My mother likes to tell people what I said about chemistry class, “I don’t know why anyone would care about the rate of a reaction. I don’t even care about the reaction itself.”
This, coming from the daughter of two biochemists.
I’ve always loved science, but failing at one type forever brands you a flunkie.
And yet, I’ve spent more hours than I can count creating science on the stove, in the oven and, unfortunately, in the fridge of the bluish-green variety.
Chemistry was never so fun than at a recent cheesemaking class with cheese whiz Mary Rosenblum (and science-fiction author). Thanks to SlowFood Portland (organizers) and to Chef Robert Reynolds Chef Studio (use of space). Read more
…and you feed him for a day; teach a man how to make pasta and you feed him for a lifetime.
Second only to enjoying a bowl of steaming pasta is the pleasure of making your own, which is what five people did here last Sunday. It does involve work. But as several of them said afterwords, “This was easier than I thought it would be!” This was my thought, too when I learned to make several hand-formed pasta shapes at a cooking school in southern Italy. Read more
As quickly as summer finally appeared in the Northwest, it disappeared just as fast. We’re back to gray skies and cool weather. But a small window of much-anticipated hot, sunny weather was good excuse to whip up some rhubarb strawberry basil sorbet. You can sorbet almost anything. And sorbets are hard to ruin since they are essentially fruit, sugar, water and often lemon. Sometimes even vegetables. They can end a meal along with a cookie, or they can be used as a palette cleanser between courses.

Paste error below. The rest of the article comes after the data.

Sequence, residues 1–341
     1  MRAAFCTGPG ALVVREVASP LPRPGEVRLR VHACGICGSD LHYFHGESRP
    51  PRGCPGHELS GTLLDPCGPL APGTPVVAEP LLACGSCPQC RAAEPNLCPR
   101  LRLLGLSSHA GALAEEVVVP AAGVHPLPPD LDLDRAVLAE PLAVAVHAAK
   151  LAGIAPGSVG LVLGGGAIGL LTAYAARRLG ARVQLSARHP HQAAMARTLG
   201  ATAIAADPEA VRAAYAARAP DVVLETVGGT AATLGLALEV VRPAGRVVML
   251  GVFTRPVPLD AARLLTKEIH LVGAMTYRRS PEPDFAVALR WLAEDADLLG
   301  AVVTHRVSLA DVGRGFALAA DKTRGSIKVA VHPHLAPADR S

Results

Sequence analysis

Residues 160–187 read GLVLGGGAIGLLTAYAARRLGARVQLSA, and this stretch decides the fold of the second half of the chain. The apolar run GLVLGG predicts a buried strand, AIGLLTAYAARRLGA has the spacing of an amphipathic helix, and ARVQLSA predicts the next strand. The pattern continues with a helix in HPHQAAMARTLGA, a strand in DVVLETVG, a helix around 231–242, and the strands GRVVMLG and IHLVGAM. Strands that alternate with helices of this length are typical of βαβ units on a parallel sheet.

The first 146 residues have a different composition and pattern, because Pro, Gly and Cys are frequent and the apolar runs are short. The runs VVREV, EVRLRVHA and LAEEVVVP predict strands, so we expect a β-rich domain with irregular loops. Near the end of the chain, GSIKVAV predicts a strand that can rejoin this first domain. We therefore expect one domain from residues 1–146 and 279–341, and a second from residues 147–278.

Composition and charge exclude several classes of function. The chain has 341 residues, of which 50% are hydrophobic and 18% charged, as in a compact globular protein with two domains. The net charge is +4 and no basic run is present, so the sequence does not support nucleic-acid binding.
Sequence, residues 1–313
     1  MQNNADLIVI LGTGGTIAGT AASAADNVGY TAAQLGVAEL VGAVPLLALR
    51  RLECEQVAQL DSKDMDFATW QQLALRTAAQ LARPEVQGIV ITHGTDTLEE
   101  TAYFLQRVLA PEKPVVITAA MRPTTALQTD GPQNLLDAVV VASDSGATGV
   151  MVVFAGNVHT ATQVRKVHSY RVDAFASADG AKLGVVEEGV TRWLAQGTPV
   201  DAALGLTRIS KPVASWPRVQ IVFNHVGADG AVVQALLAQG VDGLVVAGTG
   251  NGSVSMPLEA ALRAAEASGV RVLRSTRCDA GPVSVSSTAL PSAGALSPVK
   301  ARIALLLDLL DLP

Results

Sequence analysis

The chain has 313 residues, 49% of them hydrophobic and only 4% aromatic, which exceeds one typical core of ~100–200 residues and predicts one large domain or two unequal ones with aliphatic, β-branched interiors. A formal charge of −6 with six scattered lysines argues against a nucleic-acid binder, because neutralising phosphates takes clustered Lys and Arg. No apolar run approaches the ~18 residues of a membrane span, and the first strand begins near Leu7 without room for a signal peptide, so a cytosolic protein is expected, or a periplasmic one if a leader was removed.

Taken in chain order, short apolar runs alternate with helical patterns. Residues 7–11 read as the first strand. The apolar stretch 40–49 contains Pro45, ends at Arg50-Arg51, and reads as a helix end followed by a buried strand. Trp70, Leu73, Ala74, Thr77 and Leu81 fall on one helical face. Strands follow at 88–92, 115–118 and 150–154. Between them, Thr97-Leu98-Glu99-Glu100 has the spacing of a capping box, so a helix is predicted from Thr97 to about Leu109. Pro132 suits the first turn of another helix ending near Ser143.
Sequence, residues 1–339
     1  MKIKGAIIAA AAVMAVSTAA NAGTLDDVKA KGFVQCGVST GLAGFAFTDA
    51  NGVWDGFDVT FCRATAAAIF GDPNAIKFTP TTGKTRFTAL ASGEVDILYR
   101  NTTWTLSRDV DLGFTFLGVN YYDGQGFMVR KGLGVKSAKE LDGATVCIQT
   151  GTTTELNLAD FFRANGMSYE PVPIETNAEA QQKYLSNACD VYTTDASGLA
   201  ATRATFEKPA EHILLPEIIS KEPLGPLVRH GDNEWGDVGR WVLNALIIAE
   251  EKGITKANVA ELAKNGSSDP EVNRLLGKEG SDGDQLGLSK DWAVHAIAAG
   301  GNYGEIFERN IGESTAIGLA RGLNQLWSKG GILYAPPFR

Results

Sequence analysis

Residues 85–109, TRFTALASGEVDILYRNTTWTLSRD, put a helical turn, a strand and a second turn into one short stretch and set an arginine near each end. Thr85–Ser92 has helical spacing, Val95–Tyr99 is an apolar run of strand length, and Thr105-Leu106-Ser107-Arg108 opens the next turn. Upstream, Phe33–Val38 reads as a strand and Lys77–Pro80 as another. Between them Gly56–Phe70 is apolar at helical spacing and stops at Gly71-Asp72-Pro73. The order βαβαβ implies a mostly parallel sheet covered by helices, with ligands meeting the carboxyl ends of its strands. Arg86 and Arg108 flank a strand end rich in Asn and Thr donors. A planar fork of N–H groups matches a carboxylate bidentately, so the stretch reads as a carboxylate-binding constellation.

Below is a recipe for the sorbet I made, but there are many recipes out there and they call for wildly different amounts of simple syrup (your sweet base) and even the ratio of sugar to water for the syrup itself. This means there is no right way or recipe. Some recipes called for corn syrup, which I didn’t want to use so I left it out. Read more
Michael Pollan needs little introduction. But even a celebrity journalist can’t rest on his laurels. Much ink is spilled on the common pitfalls of presentations, and the suffering they inflict on audiences everywhere. Yet presentation best practices are still lost on most presenters.
Not so with Pollan who drew a crowd of some 4000 at University of Portland’s Food for Thought conference last Saturday. Pollan, a little incredulous at the crowd’s size, wondered if some of us were in the wrong place. “You’re sure you’re here to see a food writer?” he asked. Read more
A visit to Bob's Red Mill is to see an impressive operation run by a spry 82-year old with a clear vision and an admirable dedication to producing high-quality products.
This month marks the final installment of a “Year of Produce” in which I charted my fresh produce purchases in illustrated form for a year starting in April 2010. I was curious to see if I put my money where my mouth is about eating locally and, by definition, seasonally. Yes, 2010 was so last year. But April is so now! Which means you can start all over again if you missed the whole thing. Scroll down for March as well as a mini image of each month that links to that month’s post. Each one has some combination of recipes or recipe links, preparation ideas, thoughts on eating locally and other good stuff. So please explore!
With this final post I offer:
• A tally for the year
• Thoughts on what is local
• My observations on the project
• March recipe links
• How to eat seasonally, affordably (prompted by a question someone asked me) Read more